What can Lakers expect from Kendrick Nunn after opting into contract?

Kendrick Nunn
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When the Los Angeles Lakers signed Kendrick Nunn, it was quite the surprise. His acquisition offered a boost for their offense that was supposed to be a game-changer for their new identity. The Lakers shifted from a defense-first mentality headed by the likes of Alex Caruso and Kentavious Caldwell-Pope. The additions of Malik Monk and Nunn meant they wanted buckets now. Nunn played sparingly in the pre-season before disaster struck and robbed him and the Lakers of any opportunities of success.

Nunn missed the entire regular season with a bone bruise in his right knee. There were moments where he ramped up for a return, but setbacks laid dormant. The Lakers never got the injection of youth and scoring that made Nunn a Rookie of the Year runner-up. Luckily for both sides, Nunn’s two-year deal worth $10.4 million, has a second season with a player option. Reportedly, Nunn has picked up that option and will return to the team, per ESPN’s Dave McMenamin.

Depending on what happens with Russell Westbrook, Nunn could serve as either a starter or reserve next season. 

The Lakers have to fill in a great number of rotation spots. Nunn, despite last season’s circumstances, is one less position they have to address this summer. As a member of the Miami Heat, he had averages of 15 points on 36.4 percent shooting from the three-point line. Arguably, he could have served as a great change of pace guard during Westbrook’s struggles. That’s the exact role he should have this season.

Judging from their shift last season and moves made during the year – he also checks their boxes of youth and flexibility. One year of Nunn could give them a “young” player to plug into their core. He’s only 26 years, and that’s damn near infancy considering how many guys they had close to 40 years old last season (Hello LeBron and Trevor Ariza!).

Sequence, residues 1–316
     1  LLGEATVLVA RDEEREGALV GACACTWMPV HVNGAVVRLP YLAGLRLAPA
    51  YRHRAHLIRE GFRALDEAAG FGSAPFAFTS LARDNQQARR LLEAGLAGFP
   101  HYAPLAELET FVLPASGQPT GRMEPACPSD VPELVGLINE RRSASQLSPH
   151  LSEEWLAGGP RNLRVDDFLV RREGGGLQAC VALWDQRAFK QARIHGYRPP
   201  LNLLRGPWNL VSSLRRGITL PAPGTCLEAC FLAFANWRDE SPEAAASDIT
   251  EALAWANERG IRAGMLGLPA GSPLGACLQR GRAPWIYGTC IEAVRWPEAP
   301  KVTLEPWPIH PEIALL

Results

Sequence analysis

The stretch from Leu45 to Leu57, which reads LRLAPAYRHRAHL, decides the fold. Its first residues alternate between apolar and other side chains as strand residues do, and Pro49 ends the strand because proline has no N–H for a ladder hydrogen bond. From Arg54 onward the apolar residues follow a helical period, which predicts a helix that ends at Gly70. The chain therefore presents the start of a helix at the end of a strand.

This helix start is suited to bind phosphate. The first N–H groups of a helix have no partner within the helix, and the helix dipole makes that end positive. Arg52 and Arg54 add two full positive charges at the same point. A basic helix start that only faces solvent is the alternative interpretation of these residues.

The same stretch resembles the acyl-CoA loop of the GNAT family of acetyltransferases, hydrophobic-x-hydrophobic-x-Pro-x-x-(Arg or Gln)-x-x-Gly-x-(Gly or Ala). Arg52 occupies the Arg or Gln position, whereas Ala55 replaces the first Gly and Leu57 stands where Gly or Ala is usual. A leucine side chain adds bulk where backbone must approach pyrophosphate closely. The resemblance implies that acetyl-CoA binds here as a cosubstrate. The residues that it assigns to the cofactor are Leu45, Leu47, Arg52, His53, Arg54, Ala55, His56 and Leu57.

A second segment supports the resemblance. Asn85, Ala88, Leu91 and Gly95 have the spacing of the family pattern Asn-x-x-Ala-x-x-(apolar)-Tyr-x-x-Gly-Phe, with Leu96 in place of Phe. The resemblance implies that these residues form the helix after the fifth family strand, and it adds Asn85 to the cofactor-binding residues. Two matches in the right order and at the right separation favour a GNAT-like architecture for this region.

Nunn provides the ying to Russ’ Yang at the point guard position. Where Russ is a hammer on the floor, Nunn is a scalpel. He shows both a quickness and athleticism that would be juiced next to LeBron James and Anthony Davis. At times, depending on opponent, he could also play alongside Westbrook due to his shooting ability.  Take a look at some of the damage he did during the pre-season.

Compared to many small guards in the playoffs, Nunn offers the ability to generate his own offense akin to Jalen Brunson or Jordan Poole. He also brings a level of post-season experience as a member of the Heat’s 2020 Finals roster and the 2021 playoff squad. Nunn was called upon against the Lakers and gave them a dose of what he brings to the table, scoring in double-digits in three of the six games they played in the Finals. Two of those three games were the Heat’s lone wins in the series. 

As mentioned, Nunn also provides the Lakers with a tradable asset. If the Lakers don’t see him as a player that can be of use for them, there could be teams with their eyes on him. Talen Horton Tucker, Russell Westbrook, and their first rounders in 2027 and 2029 are all in the war chest. Whether teams value those parts is another question yet to be answered. If the league still values the work that he did in Miami, that could be a positive for the Lakers continuing to fill in their rotation.

Next week marks the beginning of free agency. What the future holds for Nunn could be revealed at that time. If the Lakers are smart, it’s a no-brainer to make the best decision possible within all options. Nunn deserves his redemption. It wasn’t his fault that he got a fluke injury. He sacrificed money and opportunity to try to be a part of something great. The least the Lakers could do is allow him to fulfill that and show them he was worth it.

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